• Cloud fraction: 0.0
  • Bowen ratio: 0.9
 I'll get into what some of these mean in a minute. Here's the output:
I initialized the model at 72 degrees Fahrenheit.  You can see that the model expects us to warm up a little bit this afternoon, then cool off as the day progresses, bottoming out to around 46 degrees as a low overnight.  Then, the sun comes up at about 17 hours in and you can see the temperature starts rising again.

Is that low temperature tonight reasonable?  Here's a 24-hour meteogram showing the past 24 hours at this location (my weather station at my house, actually...):
Temperature is shown by the red curve in the top panel.  You can see that last night the low temperature reached was 48.2 Fahrenheit--not too far from our 46 Fahrenheit forecast.  So at least the model seems to be reasonable.

Now lets look at these different parameters that we can adjust.  I'm not going to change the latitude, longitude, day of year or initial surface air temperature, because those are all things we directly know and observe.  So, let's look at precipitable water.  This is something that is measurable (if you have a weather balloon, which sadly I do not...), and I recently wrote a blog post describing it.  It describes the total amount of water vapor in the air overhead.  So what happens if we adjust this a bit--say, increasing it to 2.0 cm or decreasing it to 0.5 cm?  Here's what happens:
In the graph above, the "optimal" run from before is shown in black.  The temperature results when the precipitable water is increased to 2.0 cm is in red and the temperature results when the precipitable water is decreased to 0.5 cm is in blue.  You can see that there is a pretty strong effect on the temperature path.  The temperature stays warmer when there is more water in the atmosphere, mostly because water has a higher heat capacity than air.  Therefore, moist air retains more heat, keeping it warmer longer.  Notice that with the lower precipitable water values, the temperature immediately began decreasing after the start of the model--the air was so dry that it immediately started cooling off.  However, with more precipitable water, the greater heat capacity of the water vapor keeps the air from losing heat as quickly.  This still allows the temperature to build a little before it starts cooling.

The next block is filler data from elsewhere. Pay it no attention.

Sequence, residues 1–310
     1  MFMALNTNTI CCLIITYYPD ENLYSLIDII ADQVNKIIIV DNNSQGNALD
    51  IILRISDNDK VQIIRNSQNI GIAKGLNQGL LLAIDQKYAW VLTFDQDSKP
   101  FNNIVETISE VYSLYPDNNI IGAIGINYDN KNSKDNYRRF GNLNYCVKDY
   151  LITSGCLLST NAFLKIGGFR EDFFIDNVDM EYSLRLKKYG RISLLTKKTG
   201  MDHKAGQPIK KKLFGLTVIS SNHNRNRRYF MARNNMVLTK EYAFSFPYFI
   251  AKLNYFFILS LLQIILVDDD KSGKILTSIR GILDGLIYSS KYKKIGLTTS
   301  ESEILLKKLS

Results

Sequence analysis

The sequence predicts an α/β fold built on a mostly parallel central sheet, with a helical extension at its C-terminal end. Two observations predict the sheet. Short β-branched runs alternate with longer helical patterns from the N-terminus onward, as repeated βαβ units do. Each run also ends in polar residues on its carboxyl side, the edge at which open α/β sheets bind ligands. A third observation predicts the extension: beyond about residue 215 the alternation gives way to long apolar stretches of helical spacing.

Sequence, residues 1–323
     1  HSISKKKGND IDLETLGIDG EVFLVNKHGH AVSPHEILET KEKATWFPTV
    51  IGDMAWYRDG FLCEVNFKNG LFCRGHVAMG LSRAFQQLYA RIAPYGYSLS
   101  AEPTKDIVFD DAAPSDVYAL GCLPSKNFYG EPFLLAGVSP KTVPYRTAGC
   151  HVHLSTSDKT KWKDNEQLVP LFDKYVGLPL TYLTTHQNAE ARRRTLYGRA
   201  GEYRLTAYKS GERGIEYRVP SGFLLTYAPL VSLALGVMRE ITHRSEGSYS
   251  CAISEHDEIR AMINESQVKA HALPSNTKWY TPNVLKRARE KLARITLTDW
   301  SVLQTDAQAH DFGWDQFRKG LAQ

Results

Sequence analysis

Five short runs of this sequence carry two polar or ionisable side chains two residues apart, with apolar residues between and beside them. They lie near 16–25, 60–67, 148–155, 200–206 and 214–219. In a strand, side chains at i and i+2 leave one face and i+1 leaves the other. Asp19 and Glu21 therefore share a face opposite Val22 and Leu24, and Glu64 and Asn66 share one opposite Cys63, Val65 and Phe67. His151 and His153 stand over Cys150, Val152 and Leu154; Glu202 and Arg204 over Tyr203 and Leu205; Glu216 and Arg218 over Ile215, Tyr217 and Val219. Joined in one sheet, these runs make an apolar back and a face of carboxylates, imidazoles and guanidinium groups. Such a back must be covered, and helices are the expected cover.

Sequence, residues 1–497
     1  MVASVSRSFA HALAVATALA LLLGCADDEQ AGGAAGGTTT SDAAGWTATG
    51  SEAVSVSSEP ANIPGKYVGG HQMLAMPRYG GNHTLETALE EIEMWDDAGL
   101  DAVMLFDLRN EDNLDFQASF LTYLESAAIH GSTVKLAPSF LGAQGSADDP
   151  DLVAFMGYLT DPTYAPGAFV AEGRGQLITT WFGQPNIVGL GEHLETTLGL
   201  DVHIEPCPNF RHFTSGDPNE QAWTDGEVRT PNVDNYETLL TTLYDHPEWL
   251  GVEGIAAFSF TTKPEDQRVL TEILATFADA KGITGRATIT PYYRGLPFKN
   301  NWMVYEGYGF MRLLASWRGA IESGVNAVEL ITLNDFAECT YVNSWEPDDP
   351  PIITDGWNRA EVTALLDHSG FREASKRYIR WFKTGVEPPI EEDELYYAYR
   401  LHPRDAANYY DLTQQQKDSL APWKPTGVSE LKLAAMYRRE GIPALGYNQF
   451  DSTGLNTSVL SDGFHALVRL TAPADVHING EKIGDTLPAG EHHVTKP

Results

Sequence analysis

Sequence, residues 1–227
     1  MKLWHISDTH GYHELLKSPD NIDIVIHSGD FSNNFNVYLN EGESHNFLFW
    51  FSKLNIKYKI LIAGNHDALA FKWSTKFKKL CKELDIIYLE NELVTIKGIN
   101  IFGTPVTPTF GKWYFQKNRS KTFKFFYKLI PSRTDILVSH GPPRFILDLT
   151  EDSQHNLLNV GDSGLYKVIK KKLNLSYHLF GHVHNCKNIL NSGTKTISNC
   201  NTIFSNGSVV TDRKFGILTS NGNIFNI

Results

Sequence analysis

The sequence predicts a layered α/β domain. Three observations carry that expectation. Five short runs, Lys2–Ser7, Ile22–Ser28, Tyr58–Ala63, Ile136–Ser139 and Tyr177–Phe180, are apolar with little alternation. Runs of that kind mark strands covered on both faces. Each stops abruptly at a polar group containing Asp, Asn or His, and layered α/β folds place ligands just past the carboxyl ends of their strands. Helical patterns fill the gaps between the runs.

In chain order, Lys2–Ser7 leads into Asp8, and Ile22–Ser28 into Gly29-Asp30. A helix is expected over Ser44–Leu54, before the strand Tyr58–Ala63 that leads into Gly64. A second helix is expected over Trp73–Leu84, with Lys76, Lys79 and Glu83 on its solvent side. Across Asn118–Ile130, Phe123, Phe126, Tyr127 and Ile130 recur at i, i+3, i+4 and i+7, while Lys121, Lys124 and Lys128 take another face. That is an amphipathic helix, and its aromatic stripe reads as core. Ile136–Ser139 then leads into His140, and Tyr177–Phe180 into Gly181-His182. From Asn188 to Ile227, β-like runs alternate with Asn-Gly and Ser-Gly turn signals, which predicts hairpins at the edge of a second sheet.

So that's the effect of precipitable water.  What about the effect of the ground reservoir temperature?  This temperature is, in simple terms, just the average temperature of the soil underfoot.  You might guess that a warmer soil temperature would help keep the temperature warmer, particularly overnight as the air cools down.  Does this actually happen?  Let's try increasing and decreasing the ground reservoir temperature by 2 degrees Celsius.  Here's the results:
Just like we might have guessed--if the ground is warmer (the run with the red curve), the air temperature also stays warmer.  Notice that same "reservoir" effect like we saw with precipitable water--the air temperature still continues to rise a bit once we start the model with a warmer ground temperature, whereas with a cooler ground temperature the model air temperature cool immediately.  Both moisture and soil temperature are important for determining how warm or cold we get and when we reach those high and low points.

The next parameter is called "cloud fraction" and it's simply an estimate of how much cloud cover there is in the sky--1.0 is completely overcast and 0.0 is completely clear.  Since it's a clear day today in Seattle, my optimal value is 0.0.  But, we can always try increasing it.  What if we had spotty cumulus clouds covering half the sky (cloud fraction = 0.5)?  Or what if it were overcast?  We might expect it to stay cooler during the day because the sun is being blocked out.  But what about at night?  Here are some results: